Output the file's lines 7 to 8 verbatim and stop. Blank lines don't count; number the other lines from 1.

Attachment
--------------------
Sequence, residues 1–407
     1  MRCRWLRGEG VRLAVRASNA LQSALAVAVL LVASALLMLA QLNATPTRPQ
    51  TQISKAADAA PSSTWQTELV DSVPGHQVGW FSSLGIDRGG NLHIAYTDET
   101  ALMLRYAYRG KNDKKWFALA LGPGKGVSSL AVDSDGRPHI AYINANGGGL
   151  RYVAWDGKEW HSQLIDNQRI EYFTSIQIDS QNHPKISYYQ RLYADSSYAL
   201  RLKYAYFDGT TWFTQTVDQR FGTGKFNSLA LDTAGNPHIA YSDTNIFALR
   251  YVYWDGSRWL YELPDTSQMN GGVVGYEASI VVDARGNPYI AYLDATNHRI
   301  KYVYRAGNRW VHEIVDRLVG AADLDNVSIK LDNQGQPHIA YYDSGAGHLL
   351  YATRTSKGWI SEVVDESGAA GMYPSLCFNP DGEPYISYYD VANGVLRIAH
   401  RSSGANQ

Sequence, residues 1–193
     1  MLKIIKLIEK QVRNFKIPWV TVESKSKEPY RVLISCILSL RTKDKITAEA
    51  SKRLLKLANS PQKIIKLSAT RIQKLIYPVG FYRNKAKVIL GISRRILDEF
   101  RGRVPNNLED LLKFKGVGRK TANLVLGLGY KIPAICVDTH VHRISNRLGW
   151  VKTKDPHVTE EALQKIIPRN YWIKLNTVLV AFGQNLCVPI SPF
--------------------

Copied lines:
   251  YVYWDGSRWL YELPDTSQMN GGVVGYEASI VVDARGNPYI AYLDATNHRI
   301  KYVYRAGNRW VHEIVDRLVG AADLDNVSIK LDNQGQPHIA YYDSGAGHLL